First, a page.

MTV said that they would not renew Skins for a second season after the show came under criticism for its racy teenage depictions of casual sex and drug use, especially with underage actors.
On January 17, the Viacom-owned cable network MTV aired a teenager-based drama Skins that became controversial as it violated some child pornography laws.
Due to the controversy, advertisers such as Taco Bell and GM fled from the show as television activist group the Parents Television Council filed a letter to the Department of Justice, asking them to bring a child pornography charge against the series.
The episode included all manner of foul language, illegal drug use, illegal activity as well as thoroughly pervasive sexual content. Moreover, future episodes promise much more of the same, Parents Television Council (PTC) said in a statement.
Now MTV has cancelled the show saying Skins is a global television phenomenon that, unfortunately, didn't connect with a US audience as much as we had hoped.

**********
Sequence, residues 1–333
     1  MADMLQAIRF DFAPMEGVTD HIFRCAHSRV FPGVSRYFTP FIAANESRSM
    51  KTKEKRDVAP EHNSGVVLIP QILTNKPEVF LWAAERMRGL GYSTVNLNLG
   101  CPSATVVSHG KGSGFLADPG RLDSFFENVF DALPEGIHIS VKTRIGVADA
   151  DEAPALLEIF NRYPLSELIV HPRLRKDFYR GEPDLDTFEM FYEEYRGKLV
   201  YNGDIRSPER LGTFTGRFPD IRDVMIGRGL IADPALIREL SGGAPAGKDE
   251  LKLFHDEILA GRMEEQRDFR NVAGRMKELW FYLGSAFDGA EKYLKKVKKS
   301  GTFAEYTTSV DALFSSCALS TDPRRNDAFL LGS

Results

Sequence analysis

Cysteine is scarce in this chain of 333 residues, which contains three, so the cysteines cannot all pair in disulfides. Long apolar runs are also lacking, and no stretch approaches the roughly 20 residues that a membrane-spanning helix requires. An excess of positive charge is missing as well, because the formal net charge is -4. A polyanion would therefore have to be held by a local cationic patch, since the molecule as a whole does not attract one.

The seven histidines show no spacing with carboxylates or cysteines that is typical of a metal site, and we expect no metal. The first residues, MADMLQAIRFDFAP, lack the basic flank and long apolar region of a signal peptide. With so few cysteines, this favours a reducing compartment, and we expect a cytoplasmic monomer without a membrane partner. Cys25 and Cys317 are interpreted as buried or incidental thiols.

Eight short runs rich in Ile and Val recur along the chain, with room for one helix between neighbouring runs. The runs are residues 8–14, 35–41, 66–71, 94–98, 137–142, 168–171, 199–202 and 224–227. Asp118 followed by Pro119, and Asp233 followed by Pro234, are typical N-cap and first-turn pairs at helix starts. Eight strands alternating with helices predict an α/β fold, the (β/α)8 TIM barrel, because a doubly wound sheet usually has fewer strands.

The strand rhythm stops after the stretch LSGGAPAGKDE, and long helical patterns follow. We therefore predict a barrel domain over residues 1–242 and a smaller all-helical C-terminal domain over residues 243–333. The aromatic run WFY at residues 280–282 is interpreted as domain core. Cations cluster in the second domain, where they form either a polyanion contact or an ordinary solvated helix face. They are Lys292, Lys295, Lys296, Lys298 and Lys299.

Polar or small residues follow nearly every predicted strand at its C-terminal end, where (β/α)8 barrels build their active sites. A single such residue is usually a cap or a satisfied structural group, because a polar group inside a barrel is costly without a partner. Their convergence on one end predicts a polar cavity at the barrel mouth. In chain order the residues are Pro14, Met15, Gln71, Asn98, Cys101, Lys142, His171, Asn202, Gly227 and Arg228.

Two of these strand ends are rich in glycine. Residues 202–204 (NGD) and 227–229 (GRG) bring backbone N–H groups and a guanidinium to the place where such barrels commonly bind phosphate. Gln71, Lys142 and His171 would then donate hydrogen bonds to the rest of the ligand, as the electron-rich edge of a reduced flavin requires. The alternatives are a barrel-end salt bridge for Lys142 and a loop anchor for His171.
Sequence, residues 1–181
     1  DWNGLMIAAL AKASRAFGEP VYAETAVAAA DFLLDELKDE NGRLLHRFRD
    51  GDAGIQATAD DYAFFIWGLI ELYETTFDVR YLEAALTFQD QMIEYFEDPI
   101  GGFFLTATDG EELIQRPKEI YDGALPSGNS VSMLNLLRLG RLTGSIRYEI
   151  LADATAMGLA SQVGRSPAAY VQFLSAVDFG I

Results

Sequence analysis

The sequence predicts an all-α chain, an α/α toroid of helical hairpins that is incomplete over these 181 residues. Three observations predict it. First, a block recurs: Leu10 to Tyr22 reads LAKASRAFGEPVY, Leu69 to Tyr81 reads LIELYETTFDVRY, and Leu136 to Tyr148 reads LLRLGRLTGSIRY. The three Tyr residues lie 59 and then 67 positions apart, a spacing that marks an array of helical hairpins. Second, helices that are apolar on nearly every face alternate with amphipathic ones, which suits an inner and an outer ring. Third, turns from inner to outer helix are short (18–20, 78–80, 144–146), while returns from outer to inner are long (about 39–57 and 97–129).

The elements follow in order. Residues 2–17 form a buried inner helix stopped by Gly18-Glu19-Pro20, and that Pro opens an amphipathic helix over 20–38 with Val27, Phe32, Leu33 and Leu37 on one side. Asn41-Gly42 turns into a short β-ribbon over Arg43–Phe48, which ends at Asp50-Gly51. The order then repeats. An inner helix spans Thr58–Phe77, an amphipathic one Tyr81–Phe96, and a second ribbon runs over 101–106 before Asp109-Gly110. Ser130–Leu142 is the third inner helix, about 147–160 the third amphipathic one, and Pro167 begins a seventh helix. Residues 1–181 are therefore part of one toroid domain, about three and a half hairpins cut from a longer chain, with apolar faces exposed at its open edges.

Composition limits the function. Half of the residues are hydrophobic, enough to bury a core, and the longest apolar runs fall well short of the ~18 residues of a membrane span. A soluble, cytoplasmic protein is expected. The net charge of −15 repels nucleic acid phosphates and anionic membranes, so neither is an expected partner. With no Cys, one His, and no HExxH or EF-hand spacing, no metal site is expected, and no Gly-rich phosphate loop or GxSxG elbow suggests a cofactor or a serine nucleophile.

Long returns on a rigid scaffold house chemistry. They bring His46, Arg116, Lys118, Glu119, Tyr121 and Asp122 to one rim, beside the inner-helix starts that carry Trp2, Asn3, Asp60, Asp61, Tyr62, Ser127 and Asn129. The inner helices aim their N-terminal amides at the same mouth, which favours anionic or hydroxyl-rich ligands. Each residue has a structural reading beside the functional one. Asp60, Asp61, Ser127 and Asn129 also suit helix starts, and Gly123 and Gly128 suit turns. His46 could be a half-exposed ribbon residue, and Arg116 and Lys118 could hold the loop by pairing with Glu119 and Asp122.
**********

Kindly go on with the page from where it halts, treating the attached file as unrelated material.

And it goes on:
Skins was a North American teen drama, based on the British teen drama of the same name. The show premiered on Jan. 17, 2011 on MTV in the U.S. and on Movie Central and the Movie Network in Canada.
The original show was created by father-and-son television writers Bryan Elsley and Jamie Brittain for Company Pictures, and premiered on UK digital channel E4 on January 25, 2007. As with the UK series, the 2011 version featured a cast of amateur actors and young writers.
Even as the critics slammed the show, the series debut had 3.26 million viewers, with a 3.4 rating and 2.7 million viewers in the 12-34 demo, the most viewers in that demo for a show launch in MTV history.
However, its demo rating was down 55 percent from its lead-in, Jersey Shore, which drew 7.7 million viewers. The second episode dropped to 1.6 million viewers, with a 1.0 share and 1.4 million viewers in the key demo.
The third episode did not fare much better, dipping to 1.5 million viewers. Episodes 4 through 10 averaged about 1 million viewers, peaking at 1.2 million for episode 4 and hitting its lowest point at 0.962 million for episode 5.
However, writer Bryan Elsey defended the show's content as not controversial, but a serious attempt to get in the roots of young people's lives.